Scaling Pods down

To confirm that the pods were stopped and terminated, run $ kubectl get pods, and you should get the “No resources are found in default namespace” message.

Showing Pods

To scale up the replicas, run the same kubectl scale, but this time with --replicas=2.

$ kubectl scale deployment httpd-deployment --replicas=2

After running the above command, to verify the number of pods running, run:

$ kubectl get pods

And you should see each Pod back up and running after restarting, as in the image below.

Scaling Pods up

Downtimeless restarts with Rollout restart

In the previous method, you scaled down the number of replicas to zero to restart the Pods; doing so caused an outage and downtime of the application. To restart without any outage and downtime, use the kubectl rollout restart command, which restarts the Pods one by one without impacting the deployment.

To use rollout restart on your httpd deployment, run:

$ kubectl rollout restart deployment httpd-deployment

Now to view the Pods restarting, run:

$ kubectl get pods

Notice in the image below Kubernetes creates a new Pod before Terminating each of the previous ones as soon as the new Pod gets to Running status. Because of this approach, there is no downtime in this restart method.

Using kubectl rollout restart

Automatic restarts by updating the Pod’s environment variable

So far, you’ve learned two ways of restarting Pods in Kubernetes; one by changing the replicas and the other by rollout restart. The methods work, but you explicitly restarted the pods with both of them.

In this method, once you update the Pod’s environment variable, the change will automatically restart the Pods.

To update the environment variables of the Pods in your httpd deployment, run:

$ kubectl set env deployment httpd-deployment DATE=$()

After running the above command, which adds a DATE environment variable in the Pods with a null value (=$()), run $ kubectl get pods and see the Pods restarting, similar to the rollout restart method.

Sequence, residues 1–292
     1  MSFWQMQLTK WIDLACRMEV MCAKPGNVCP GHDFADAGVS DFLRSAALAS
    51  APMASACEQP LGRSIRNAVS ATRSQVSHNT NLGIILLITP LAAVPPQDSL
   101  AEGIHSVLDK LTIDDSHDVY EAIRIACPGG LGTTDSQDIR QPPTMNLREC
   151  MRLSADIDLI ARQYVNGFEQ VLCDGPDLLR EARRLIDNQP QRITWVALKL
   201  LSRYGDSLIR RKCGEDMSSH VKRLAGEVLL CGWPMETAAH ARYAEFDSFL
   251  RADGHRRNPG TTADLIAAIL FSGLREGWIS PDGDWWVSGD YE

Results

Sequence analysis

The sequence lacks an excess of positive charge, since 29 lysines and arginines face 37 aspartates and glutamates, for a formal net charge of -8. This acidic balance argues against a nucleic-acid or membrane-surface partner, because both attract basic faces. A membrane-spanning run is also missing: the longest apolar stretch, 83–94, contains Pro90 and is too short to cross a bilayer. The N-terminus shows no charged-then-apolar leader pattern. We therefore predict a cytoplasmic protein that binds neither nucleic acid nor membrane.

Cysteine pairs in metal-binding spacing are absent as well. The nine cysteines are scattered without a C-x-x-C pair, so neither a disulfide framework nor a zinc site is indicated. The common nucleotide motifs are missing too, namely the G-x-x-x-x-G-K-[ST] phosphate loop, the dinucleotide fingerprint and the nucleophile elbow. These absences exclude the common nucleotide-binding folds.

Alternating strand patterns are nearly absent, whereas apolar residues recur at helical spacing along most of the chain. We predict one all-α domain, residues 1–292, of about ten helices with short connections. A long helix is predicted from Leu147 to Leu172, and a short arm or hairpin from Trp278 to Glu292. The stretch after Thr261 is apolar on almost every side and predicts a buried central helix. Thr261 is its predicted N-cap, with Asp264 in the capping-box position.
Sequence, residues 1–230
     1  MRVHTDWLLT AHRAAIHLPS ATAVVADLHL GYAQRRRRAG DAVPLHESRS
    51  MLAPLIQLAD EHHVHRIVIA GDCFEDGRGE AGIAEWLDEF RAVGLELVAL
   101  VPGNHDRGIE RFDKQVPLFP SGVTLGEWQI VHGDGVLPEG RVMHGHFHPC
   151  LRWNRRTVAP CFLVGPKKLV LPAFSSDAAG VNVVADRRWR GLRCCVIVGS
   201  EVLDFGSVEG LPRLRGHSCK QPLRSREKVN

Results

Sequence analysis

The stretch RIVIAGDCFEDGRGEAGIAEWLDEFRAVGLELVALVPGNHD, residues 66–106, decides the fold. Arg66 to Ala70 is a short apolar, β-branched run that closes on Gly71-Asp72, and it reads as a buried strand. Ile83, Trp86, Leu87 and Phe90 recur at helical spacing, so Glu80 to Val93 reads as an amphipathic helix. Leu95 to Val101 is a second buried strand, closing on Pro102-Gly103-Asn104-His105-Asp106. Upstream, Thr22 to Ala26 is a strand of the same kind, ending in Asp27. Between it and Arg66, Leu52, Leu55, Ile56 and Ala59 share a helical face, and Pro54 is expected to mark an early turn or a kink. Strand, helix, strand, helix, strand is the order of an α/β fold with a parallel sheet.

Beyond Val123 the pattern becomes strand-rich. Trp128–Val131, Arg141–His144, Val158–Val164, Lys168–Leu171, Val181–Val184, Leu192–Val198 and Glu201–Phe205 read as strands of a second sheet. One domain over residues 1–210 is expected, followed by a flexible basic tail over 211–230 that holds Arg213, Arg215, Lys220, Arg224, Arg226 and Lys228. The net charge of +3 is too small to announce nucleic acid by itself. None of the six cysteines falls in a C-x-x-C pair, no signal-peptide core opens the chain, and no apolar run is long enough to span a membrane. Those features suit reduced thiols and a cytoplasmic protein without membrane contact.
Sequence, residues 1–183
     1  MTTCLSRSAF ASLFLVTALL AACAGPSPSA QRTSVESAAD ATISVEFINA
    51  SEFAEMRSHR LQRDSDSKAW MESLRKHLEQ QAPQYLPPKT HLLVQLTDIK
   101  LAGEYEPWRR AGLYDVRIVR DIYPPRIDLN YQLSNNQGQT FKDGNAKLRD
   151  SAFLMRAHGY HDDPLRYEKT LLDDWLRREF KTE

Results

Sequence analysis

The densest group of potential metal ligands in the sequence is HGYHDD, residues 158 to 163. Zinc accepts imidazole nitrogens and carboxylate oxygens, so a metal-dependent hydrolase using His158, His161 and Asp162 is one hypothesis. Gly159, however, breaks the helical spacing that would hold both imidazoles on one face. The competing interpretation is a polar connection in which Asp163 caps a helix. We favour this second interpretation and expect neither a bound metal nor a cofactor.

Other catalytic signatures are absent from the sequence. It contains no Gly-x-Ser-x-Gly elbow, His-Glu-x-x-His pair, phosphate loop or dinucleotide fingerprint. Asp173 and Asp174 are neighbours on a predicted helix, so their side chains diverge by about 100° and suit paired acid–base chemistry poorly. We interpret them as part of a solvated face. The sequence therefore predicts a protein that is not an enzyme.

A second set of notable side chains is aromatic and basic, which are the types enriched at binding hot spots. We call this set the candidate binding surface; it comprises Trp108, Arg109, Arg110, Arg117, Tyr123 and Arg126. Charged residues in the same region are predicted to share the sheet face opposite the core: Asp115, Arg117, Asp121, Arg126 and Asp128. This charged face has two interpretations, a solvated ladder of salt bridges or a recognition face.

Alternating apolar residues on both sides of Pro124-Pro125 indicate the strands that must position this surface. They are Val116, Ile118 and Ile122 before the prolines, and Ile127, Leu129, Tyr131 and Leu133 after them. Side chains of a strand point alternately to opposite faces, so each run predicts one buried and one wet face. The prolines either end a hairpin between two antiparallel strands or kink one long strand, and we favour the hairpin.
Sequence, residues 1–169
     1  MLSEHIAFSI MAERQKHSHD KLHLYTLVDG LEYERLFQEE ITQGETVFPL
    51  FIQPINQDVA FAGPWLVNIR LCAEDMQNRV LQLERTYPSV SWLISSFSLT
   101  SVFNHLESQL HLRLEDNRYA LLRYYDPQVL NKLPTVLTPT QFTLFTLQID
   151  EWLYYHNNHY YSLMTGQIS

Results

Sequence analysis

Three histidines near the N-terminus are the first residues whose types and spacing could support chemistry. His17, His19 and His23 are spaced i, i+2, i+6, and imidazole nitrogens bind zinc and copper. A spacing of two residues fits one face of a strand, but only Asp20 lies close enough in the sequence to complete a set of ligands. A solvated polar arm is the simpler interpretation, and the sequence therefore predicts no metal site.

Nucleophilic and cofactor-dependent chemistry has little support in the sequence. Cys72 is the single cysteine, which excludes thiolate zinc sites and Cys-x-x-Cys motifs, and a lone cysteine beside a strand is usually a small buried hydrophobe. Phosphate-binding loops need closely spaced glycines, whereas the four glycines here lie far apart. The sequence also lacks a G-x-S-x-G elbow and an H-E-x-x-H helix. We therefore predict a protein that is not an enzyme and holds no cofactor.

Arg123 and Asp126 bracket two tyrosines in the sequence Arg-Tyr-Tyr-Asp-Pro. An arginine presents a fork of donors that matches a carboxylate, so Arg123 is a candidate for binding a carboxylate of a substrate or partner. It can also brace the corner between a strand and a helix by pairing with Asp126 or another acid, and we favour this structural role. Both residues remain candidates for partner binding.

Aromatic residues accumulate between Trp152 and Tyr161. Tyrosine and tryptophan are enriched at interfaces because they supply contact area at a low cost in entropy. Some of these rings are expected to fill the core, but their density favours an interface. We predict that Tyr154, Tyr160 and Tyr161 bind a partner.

Adding an environment variable to Pods

You can verify that each Pod’s DATE environment variable is null with the kubectl describe command.

$ kubectl describe pod <pod_name>

After running the above command, the DATE variable is empty (null) like in the image below.

Verifying environment variable addition

Restarting Pods by deleting them

Because the Kubernetes API is declarative, it automatically creates a replacement when you delete a Pod that’s part of a ReplicaSet or Deployment. The ReplicaSet will notice the Pod is no longer available as the number of container instances will drop below the target replica count.

To delete a Pod, use the following command:

$ kubectl delete pod <pod_name>

Though this method works quickly, it is not recommended except if you have a failed or misbehaving Pod or set of Pods. For regular restarts like updating configurations, it is better to use the kubectl scale or kubectl rollout commands designed for that use case.

To delete all failed Pods for this restart technique, use this command:

$ kubectl delete pods --field-selector=status.phase=Failed

Cleaning up

Clean up the entire setup by deleting the deployment with the command below:

$ kubectl delete deployment httpd-deployment


This article discussed 5 scenarios where you might want to restart Kubernetes Pods and walked you through 4 methods with kubectl. There is more to learn about kubectl. To learn more, check out the kubectl commands reference.


Divine Odazie Twitter

Founder of EverythingDevOps. Consistency is key. That’s what Divine believes in, and he says he benefits from that fact, so he tries to be consistent in his doings. Divine is a Cloud Native DevRel.